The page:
I’ve had a whole bunch of 200-250 sized quads that I’ve build, and all of them have been your standard H-style. It’s not a bad thing, they are great flying quads, and the install is pretty easy. That said though, I’ve always fancied flying more of a “proper” X-quad, so having a look through the Banggood.com website I noticed the Martian III frame. The design looked interesting, so I thought I’d take a punt on it and document my build here – looking at any issues along the way, and explaining some of my reasoning.
In this first part, I’ll show the equipment I’m going to be using, and we’ll see how the frame goes together. Most of the parts are newly ordered, but I’m going to reuse a few bits of kit I have spare… although if it turns out not to perform as I want, it’ll get swapped out.
The Martian III, the 220mm version – they also do a 190mm and a 250mm version – arrived in a very boring box, and just looks like random pieces of carbon fibre and screw. More about this later when we put it together
For the motors, I decided to re-use some I’ve had kicking around in my spares box for a while. These are the DYS Fire 2206-2600kv motors. They are powerful beasts ! The only reason I haven’t reused them earlier in other builds is because they pull more amps than the normal ESCs I’d use, so haven’t proved particularly suitable. These were originally given as a review product form GearBest, but as they seem to be refusing to speak to me after one of their review products broke, I’d suggest getting them from Banggood instead 🙂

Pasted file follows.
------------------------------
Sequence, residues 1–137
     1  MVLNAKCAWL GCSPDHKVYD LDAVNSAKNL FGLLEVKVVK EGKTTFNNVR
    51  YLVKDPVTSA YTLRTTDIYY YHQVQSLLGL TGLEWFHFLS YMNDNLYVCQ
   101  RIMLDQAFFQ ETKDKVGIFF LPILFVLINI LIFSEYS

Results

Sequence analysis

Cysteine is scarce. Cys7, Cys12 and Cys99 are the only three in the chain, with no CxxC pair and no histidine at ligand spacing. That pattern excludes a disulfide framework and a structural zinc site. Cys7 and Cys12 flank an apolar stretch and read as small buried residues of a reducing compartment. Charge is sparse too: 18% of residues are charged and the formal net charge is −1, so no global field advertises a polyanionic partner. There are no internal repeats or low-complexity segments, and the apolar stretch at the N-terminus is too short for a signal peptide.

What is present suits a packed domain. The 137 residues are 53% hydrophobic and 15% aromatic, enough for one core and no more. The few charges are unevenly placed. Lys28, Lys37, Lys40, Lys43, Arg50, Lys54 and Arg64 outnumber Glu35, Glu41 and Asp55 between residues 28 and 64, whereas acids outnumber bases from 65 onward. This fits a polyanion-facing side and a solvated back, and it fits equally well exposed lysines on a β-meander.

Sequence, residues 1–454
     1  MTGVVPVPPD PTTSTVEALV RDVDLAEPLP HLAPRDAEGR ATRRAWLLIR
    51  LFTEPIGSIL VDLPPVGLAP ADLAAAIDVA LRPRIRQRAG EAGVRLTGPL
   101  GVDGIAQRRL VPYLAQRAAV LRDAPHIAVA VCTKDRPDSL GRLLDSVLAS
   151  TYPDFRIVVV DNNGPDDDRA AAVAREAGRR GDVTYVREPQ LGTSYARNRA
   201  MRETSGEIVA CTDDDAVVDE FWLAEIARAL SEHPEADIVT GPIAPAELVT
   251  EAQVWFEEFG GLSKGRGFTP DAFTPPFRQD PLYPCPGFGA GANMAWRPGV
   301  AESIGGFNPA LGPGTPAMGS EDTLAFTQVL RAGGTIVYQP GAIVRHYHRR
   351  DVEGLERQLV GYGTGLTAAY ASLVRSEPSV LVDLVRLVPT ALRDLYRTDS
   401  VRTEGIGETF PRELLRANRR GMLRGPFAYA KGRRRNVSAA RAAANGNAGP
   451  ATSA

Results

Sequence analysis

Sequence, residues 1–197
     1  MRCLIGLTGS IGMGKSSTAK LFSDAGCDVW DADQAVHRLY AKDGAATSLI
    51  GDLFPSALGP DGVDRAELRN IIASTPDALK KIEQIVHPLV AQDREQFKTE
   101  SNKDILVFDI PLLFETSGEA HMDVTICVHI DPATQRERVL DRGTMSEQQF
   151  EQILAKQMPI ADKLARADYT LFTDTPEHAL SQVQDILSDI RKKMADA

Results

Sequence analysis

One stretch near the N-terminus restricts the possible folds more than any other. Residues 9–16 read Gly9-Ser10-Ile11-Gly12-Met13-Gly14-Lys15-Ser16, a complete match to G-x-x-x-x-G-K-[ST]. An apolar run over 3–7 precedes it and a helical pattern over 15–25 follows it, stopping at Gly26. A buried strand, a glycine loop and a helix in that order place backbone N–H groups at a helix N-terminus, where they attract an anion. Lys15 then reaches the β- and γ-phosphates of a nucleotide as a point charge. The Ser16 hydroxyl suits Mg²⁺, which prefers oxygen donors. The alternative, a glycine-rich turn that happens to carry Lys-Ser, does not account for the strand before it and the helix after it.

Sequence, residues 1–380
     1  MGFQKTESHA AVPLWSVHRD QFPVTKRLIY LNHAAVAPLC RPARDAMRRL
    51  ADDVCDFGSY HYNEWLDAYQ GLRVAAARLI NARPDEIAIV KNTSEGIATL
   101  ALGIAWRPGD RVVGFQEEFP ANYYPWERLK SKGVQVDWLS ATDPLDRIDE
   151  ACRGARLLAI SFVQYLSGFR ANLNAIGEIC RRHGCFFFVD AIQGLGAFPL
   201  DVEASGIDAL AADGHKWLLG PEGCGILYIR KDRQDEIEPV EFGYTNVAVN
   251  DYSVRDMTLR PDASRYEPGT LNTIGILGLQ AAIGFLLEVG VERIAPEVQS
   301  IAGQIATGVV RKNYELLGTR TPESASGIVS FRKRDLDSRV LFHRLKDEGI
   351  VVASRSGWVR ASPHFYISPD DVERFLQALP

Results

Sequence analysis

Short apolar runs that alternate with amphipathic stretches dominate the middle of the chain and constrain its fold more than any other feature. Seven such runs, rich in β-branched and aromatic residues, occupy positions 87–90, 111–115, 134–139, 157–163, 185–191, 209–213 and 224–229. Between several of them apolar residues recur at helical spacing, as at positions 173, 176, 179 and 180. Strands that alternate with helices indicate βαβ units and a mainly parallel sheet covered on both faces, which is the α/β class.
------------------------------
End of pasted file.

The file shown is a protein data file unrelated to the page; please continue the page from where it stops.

So this would mean I needed some new ESCs, I like trying out new products, and so I picked up a 4 pack of Racestar 28A ESCs. They run BLHeli_S and support Dshot, so sounded up to the challenge. I also liked how the product came, each ESC come unsoldered and without any heatshrink, but they are shipped with wires to solder on, clear heatshrink and even labels to add later. The design reminded me of the KISS ESCs, which can’t be a bad thing
For the flight controller, I chose an Omnibus F3. I recently review the F4 Pro – which I found slightly overkill with it’s current sensor, and the F3 board was also particularly cheap. Two things I really like about the Omnibus is that it’s got an onboard power regulator, so I don’t need to feed it a separate 5v input and, of course, it has the build in OSD. and it’s good to be able to fiddle with PID settings, as well as always knowing your battery voltage.
Next up was the VTX decision. I’ve actually got 4 or 5 VTX’s in my spares box, but with the restricted room on the X frame, I was trying not to have to squash things in too much. Having recently been flying absolutely wonderful micro brushless quads like the Aurora100, I could see how well a stack of boards over the flight controller could work, so I found a product called the Rush VTX V1.1 It’s a 40 channel VTX with switchable output power between 25mw/200mw/500mw, and comes with the mounting holes aligned to mount over a flight controller.
As far as cameras go, I had a few options… and I may well try both. I have an Akk-Tech CA20, a Sony SuperHADII based CCD camera which I reviewed a few months ago. It looks and feels very much like a RunCam Swift, os HS1177. It has got a 2.8mm lens though, where the swifts have generally moved to a 2.5mm lens. A much wider lens option, is the RunCam Swift Micro. I recently reviewed this on a plane, and so I want to try it in a quad (I also have the 2.3mm lens version coming and want to compare)